Thursday, December 31, 2009

Hello 2010!

Pizza, prosecco, chocolate fondue, noisemakers, and a rousing game of ants in your pants before midnight. The last of the Christmas cookies for breakfast, along with my Keurig coffee. Can you think of a better way to welcome in a new year?

A new year

I found this odd looking citron at the grocery store, and learned that it is called Buddha's Hand. It has a lemony odor and it is supposed to be lucky to have one in your home around the new year. I used it to make marmalade, so that the good fortune could be shared. It's funny, I don't like jellies and I especially don't like marmalade, but I am addicted to this -- I scraped out the foam from the pan to use on toast. If eating Buddha's Hand jam brings good fortune, 2010 should be a very good year.

Wednesday, December 30, 2009


An empty lamp was one of my Christmas presents. Now that I've made it my own, it is also one of my favorites.

Thursday, December 24, 2009


Another version of the Christmas story? "Teaching a child not to step on a caterpillar is as valuable to the child as it is to the caterpillar." [Bradley Millar]

Wishing you a peaceful holiday, where nobody steps on you!

Thursday, December 17, 2009

What a wonderful finish!

Good-bye beach. Good-bye sun. Good-bye shells.

Hello cold. Hello dreary. Hello ice.

My last morning on Sanibel - the morning walk was really glorious. Not much in the way of shells, of course, because there was a wonderful very low tide, so I got to see the usual huge live whelks and tulips that live off the lighthouse beach, and the beds of live sand dollars (I always want to set up barriers to protect them. People are so careless and often step on them or pull the living shells out of the sand.)

But the coolest things: one of the ospreys caught a fish that was a few inches longer than he was, and he sat on top of a light post to scream at the would-be robbers and eat. I would have loved to see the catch itself, but he was landing on the post when I noticed him. I love the ospreys, with their amazing skill and vaguely x-rated cry.

And most amazing of all, something I've never seen and don't know what was. When I stopped for a minute to scan the horizon, a couple inches of a snapping head suddenly popped out of the sand in front of me, it looked like the first couple inches of a small snake, hinged jaws snapping as it emerged. I watched it go in and out of the sand for several minutes -- reminded me of the scene in one of the star wars movies where the sand worm lunges out (only smaller, thank goodness!) And OF COURSE I didn't have a camera! Can you tell me what it was, coastal friends?

And now, home to the cold and snow that I hate and the family that I love. Life is so full of mixed messages.

Tuesday, December 15, 2009


My days on Sanibel are drawing to an end. The weather has been perfect. The trade-off is that the shelling isn't good. Today I went out at low tide, before dawn, to the mudflats. I saw someone leaving just as I arrived, with a bag full of shells. Either I didn't go to the right place, or I am ignoring shells that the other sheller wanted, or Blind Pass makes me blind, but all I collected were mosquito and no-see-em bites. I picked up a couple of gnarly oyster shells on my way back to the car, not exactly specimens but cool looking, and maybe better than going home empty handed. Still, I love my morning walks on the beach. It was warm and beautiful, the pelicans put on their usual show, and I stopped at Jerry's for a donut on my way back. It's all good.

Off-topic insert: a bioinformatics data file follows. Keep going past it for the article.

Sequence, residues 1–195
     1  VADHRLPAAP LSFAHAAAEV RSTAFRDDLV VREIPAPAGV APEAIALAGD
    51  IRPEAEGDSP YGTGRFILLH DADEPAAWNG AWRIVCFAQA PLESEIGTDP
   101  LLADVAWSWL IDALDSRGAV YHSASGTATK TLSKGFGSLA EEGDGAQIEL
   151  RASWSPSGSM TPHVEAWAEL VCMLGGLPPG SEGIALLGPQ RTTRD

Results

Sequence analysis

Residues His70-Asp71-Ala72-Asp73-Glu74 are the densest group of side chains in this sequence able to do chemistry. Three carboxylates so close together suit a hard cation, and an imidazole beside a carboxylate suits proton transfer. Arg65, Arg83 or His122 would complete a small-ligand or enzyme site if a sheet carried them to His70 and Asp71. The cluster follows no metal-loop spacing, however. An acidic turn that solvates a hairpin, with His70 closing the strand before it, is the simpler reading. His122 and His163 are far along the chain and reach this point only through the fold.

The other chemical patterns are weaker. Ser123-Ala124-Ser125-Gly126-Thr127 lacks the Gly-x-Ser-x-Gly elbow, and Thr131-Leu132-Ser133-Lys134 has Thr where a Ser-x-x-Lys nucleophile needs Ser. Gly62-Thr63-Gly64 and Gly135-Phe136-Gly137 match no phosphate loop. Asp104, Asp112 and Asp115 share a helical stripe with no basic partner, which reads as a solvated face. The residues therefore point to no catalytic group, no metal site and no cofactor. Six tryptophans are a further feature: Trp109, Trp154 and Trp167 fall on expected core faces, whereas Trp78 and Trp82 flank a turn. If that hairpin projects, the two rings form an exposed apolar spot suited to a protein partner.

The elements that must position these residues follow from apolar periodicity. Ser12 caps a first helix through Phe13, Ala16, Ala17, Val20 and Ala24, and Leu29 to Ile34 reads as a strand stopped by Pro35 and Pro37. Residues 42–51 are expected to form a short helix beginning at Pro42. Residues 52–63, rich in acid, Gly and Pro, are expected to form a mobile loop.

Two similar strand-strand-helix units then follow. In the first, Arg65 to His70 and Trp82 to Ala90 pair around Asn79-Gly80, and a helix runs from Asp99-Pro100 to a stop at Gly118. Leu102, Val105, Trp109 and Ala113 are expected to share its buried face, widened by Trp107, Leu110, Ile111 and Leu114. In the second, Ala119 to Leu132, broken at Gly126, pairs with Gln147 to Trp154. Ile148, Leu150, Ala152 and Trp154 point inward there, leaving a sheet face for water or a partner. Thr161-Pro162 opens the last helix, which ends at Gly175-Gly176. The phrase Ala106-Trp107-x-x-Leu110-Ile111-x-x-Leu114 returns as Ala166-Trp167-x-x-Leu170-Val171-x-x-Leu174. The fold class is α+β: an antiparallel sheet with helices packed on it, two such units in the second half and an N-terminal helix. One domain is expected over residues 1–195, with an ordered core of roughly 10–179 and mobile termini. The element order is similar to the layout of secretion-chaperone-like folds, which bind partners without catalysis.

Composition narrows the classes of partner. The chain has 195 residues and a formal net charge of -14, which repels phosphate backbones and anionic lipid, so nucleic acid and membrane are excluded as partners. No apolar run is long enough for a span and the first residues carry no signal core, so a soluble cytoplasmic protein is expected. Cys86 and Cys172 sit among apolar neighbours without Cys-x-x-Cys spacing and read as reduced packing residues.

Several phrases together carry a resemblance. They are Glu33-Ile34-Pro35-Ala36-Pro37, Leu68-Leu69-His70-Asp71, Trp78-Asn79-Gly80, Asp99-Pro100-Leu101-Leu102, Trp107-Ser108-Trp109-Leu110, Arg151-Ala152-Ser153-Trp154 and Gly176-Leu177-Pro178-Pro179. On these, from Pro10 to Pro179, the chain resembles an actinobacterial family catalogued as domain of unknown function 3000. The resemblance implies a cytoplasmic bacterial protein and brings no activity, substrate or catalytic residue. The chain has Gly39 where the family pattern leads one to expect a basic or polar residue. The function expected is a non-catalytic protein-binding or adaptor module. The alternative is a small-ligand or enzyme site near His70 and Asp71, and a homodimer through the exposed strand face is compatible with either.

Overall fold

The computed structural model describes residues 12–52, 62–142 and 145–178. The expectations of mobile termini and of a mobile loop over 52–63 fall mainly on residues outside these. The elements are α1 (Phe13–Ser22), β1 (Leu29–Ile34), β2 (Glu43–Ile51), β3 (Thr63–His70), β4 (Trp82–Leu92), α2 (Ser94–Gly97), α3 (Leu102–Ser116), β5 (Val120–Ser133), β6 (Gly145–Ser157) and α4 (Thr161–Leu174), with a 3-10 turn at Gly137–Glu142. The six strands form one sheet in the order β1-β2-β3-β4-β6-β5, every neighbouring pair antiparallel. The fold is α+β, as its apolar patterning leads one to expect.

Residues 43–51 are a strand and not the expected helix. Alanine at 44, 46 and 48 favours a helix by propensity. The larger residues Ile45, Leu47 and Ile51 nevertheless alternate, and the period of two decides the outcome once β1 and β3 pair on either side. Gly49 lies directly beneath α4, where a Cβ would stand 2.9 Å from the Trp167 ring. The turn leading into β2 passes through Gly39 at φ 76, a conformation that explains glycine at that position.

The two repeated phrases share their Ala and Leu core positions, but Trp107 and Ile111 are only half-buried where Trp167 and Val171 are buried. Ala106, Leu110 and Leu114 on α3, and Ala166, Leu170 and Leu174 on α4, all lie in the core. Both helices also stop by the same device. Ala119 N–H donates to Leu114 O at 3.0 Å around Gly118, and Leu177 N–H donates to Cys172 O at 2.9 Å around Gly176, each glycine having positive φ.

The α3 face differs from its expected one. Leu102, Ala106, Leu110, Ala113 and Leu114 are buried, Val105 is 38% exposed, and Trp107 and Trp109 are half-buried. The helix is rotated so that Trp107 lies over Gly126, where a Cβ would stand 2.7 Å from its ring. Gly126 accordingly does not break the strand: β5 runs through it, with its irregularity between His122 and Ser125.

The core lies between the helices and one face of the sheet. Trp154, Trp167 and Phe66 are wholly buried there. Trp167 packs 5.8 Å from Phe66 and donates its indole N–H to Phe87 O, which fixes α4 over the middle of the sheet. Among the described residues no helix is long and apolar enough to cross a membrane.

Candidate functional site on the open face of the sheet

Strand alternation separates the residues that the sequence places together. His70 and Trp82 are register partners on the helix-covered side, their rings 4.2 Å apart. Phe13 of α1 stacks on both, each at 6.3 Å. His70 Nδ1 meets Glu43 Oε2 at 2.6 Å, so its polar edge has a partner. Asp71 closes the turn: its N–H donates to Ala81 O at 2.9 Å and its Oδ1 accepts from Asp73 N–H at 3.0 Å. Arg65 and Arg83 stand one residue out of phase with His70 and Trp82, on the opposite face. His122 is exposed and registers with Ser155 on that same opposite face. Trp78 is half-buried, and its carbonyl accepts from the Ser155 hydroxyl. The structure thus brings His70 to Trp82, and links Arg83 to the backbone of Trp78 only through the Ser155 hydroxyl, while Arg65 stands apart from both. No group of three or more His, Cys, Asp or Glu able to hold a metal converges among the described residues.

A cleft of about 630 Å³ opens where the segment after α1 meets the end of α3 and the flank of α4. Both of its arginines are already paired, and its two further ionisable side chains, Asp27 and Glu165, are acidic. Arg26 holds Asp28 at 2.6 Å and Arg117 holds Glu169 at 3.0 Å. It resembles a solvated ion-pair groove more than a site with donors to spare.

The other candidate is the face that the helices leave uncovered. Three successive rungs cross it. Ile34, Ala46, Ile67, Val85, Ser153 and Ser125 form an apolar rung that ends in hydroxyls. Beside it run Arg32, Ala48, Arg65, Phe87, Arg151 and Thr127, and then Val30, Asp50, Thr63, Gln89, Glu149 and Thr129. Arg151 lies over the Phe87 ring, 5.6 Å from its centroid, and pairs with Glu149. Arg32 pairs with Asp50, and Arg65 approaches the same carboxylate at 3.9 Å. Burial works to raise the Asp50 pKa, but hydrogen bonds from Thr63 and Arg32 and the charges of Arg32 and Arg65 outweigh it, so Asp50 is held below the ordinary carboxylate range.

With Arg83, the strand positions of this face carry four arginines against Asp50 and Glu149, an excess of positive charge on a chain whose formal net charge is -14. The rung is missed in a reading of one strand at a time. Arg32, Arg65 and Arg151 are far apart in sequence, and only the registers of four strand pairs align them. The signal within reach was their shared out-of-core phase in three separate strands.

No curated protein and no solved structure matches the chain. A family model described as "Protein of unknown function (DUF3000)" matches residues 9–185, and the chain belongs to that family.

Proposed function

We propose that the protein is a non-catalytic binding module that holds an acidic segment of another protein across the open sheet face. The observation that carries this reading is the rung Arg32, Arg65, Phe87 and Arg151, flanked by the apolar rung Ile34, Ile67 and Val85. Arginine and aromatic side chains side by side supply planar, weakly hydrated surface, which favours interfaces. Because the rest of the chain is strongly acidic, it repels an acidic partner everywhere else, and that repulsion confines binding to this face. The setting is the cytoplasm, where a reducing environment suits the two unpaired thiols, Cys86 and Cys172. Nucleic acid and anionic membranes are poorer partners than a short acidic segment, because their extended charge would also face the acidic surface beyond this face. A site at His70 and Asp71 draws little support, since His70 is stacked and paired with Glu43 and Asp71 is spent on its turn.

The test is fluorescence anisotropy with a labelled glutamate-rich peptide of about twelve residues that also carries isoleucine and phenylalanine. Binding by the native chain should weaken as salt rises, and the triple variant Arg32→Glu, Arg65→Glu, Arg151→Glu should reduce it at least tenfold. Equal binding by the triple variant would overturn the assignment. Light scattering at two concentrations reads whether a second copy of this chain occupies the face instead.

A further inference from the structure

Friday, December 11, 2009

Head over heels

It was a good news/bad news morning. The good: I had some better-than-it's-been luck shelling at Blind Pass this morning -- I think it will be fabulous shelling at low tide, but I shell by time and not by tide (sigh). Still, there were enough large shells to bruise my ankles and feet, and I even managed to catch a lace murex and a few odds and ends, nothing spectacular, but fun. The bad: I had my camera and phone zipped into my pocket when one of the big waves knocked me over and down flat. I am not happy about being camera and phone-less, but I do love the embrace of a big, warm wave!

Wednesday, December 9, 2009

Natural wonders

Is there anything nicer than a Sanibel Sunset?

White stuff

Things were covered with the white stuff here this morning. It was just like being in the north. I could barely see after I'd been out a while - my glasses were covered with a thin film of salt from the warm mist. It was hard for me to find my way home, because the details of the landscape were obliterated by the weather. Yeah, we suffer here, too.

And no snow days for the people here -- they were working hard. I passed one woman who was shelling with tweezers, and she was still stooped in the same spot when I passed again, an hour and a half later, carefully picking up tiny shells.

Tuesday, December 8, 2009

Friends, new and old

What a fun evening, I had a great time with Nancy, Barb and Tootie, and then ran into island Santa on the way "home" to the time share. While we were in the restaurant (the Island Cow), the television news said there would be 12 to 15 inches of snow at home in Saginaw . . . my poor family, but lucky, lucky me!

Dodging the storms